One popular misconception about getting grants is that they are awarded to those who are most in need. You may be familiar with an old television show called “Queen for a Day” that was broadcast in the US in the early 1960s. The premise of the show was that contestants would take turns telling their hard-luck stories, usually involving financial and emotional difficulties. The audience would then cast their votes for the most sympathetic story via something called an applause meter, which measured the loudness of the cheers and clapping. The “winner” with the saddest story would then be awarded a refrigerator or washing machine to help quell their life’s ongoing disappointments.
When you’re submitting a government grant application, try to avoid being “Queen for a Day” when you’re explaining why you are applying for the funding. Grants don’t work that way. They’re not charity, and they’re not sympathy money. The reason that government grants are awarded are that the government has a need that can be fulfilled by a private citizen, a company, or an organization. You then make a case for why you are capable of fulfilling that need, with a combination of your specific abilities or circumstances, along with the grant funding money.
This means that your government grant application should present the problem, demonstrate they you can solve (or lessen) the problem, and how you will do it. This includes an explanation of how you will use the grant money wisely, effectively, and responsibly as part of your plan.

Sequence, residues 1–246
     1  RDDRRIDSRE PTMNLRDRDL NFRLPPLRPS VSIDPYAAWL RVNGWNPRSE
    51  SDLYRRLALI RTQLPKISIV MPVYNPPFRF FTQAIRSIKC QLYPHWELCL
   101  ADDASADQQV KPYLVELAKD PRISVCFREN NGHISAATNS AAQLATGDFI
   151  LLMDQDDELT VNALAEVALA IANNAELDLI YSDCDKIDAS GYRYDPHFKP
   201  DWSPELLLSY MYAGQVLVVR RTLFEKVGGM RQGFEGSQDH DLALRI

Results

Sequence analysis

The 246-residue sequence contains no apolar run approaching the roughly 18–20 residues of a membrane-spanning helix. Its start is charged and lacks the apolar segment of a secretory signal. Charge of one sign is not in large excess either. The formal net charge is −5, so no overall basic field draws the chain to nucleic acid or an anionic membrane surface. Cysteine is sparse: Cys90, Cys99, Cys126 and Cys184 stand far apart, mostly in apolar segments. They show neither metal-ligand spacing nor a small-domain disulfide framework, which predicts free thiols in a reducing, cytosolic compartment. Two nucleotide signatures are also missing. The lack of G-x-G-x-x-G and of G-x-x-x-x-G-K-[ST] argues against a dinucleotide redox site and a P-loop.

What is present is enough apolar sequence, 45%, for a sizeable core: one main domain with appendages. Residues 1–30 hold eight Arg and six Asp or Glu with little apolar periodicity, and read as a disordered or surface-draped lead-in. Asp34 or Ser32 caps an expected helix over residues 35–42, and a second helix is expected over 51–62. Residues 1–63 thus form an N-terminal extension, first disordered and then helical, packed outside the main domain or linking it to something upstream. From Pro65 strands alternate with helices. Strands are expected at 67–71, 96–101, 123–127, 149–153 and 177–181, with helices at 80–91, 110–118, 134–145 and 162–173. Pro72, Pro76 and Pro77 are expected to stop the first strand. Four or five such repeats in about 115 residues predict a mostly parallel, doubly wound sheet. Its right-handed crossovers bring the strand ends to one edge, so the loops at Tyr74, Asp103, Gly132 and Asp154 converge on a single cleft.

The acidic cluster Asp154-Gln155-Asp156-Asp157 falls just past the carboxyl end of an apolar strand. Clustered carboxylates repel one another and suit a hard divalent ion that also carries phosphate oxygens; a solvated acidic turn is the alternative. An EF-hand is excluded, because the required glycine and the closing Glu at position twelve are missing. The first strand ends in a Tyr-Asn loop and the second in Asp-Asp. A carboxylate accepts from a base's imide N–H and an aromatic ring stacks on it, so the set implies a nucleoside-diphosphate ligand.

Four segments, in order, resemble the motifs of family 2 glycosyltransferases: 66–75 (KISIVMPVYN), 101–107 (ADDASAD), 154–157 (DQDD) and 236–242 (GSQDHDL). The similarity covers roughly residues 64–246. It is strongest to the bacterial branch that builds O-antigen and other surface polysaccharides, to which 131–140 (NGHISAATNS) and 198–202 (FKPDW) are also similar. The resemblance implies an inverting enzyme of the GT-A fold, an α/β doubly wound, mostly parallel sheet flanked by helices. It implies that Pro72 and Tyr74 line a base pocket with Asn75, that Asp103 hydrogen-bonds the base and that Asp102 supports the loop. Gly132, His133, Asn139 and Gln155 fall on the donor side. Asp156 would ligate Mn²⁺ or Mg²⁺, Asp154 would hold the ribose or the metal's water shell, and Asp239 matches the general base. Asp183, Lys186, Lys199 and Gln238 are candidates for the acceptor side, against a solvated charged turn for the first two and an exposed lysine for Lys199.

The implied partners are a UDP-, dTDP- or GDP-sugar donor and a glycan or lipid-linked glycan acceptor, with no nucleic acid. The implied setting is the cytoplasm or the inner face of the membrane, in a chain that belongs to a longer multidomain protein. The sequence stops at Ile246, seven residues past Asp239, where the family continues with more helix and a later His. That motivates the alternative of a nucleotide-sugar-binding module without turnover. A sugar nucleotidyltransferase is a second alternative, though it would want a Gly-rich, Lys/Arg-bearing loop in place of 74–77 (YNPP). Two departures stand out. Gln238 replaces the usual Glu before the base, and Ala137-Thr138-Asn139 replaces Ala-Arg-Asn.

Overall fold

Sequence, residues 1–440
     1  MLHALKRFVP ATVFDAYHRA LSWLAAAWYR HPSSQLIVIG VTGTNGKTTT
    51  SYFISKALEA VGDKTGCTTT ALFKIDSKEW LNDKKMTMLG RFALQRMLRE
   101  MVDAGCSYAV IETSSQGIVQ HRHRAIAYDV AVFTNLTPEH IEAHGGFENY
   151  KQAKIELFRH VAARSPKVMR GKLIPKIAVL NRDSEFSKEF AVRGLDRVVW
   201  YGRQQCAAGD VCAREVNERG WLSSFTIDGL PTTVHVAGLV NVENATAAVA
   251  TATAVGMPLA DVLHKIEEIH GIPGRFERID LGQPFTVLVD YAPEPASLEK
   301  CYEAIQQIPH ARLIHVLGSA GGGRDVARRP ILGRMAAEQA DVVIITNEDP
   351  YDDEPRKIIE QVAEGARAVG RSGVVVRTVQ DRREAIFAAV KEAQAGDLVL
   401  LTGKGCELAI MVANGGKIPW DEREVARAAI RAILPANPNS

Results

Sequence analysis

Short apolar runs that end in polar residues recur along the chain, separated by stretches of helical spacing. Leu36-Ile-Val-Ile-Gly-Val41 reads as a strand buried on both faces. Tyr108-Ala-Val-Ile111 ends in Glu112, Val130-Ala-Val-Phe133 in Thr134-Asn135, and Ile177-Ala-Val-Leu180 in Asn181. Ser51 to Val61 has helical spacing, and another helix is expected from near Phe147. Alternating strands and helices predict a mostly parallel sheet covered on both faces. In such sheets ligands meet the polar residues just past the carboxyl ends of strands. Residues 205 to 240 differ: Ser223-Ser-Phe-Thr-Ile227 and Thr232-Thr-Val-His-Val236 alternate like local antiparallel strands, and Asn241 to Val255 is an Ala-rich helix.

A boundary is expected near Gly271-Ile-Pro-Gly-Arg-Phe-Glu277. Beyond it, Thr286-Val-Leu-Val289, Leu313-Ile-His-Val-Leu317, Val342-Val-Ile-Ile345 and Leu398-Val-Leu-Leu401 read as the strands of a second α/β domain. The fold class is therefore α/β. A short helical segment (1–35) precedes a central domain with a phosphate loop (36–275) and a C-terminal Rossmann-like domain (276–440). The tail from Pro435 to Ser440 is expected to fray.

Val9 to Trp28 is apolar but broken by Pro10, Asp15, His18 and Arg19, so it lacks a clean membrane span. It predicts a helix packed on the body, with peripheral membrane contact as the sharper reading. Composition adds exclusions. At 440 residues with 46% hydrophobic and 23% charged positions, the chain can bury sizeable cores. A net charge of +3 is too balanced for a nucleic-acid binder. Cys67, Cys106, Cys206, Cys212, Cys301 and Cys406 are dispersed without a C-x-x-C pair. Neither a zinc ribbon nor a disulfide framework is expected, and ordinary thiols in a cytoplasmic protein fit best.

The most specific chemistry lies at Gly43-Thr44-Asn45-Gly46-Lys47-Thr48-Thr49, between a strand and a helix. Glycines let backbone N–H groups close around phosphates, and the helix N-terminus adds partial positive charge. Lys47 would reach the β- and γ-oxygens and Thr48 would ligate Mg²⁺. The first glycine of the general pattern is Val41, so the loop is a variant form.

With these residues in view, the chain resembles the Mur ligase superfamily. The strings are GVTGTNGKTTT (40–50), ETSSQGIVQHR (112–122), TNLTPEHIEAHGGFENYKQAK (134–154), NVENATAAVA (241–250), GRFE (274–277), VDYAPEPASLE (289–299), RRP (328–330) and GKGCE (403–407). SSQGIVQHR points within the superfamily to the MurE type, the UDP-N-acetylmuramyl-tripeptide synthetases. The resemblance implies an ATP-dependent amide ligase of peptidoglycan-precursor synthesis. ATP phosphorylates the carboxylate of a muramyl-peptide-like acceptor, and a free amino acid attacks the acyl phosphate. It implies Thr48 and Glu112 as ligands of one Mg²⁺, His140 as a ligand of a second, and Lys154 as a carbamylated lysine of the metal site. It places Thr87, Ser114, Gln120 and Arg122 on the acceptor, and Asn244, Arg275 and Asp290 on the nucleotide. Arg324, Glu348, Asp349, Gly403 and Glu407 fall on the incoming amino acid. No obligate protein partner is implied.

When you’re describing the problem that exists, you can matter-of-factly explain how the unmet need that currently exists causes difficulties. However, you ought to avoid overly-emotional language or attempts to appeal to a sense of guilt. The people who review government grant applications aren’t heartless or unfeeling, but their job is to match funds with those who show they can make the best use of them. Their reaction will likely be that they’ll feel bad for you, but not include your government grant application among those chosen for funding.
Here’s an example. I have some students who received $44,555 for the purpose of purchasing a property in the area that was hit hard by Hurricane Katrina in order to rent it to local residents. Instead of focusing on the sadness of the residents having been displaced from their communities and in many cases, having lost their homes, a more effective approach was to show how they could combine their own funding and property management expertise to help address the ongoing issue of a rental housing shortage in the sections of New Orleans that are still recovering from the natural disaster. The government itself is not adequately able to use its own employees to increase the rental housing stock there, so instead they made funding available to individuals who showed that they had the capability to carry out this function on their behalf.
Their government grant application used the proven formula of stating a need, proposing a solution, showing that they were capable of solving the problem, and showing how they’d use the money. There was no need to dwell on the sadness of the situation. It’s perfectly fine to feel sympathy for an unmet need because that’s what puts the process of fixing it into motion. But what makes a difference is having a solid plan and the capability to carry it out. It won’t get you a new refrigerator via the applause meter, but will likely get you the government funding you’re seeking.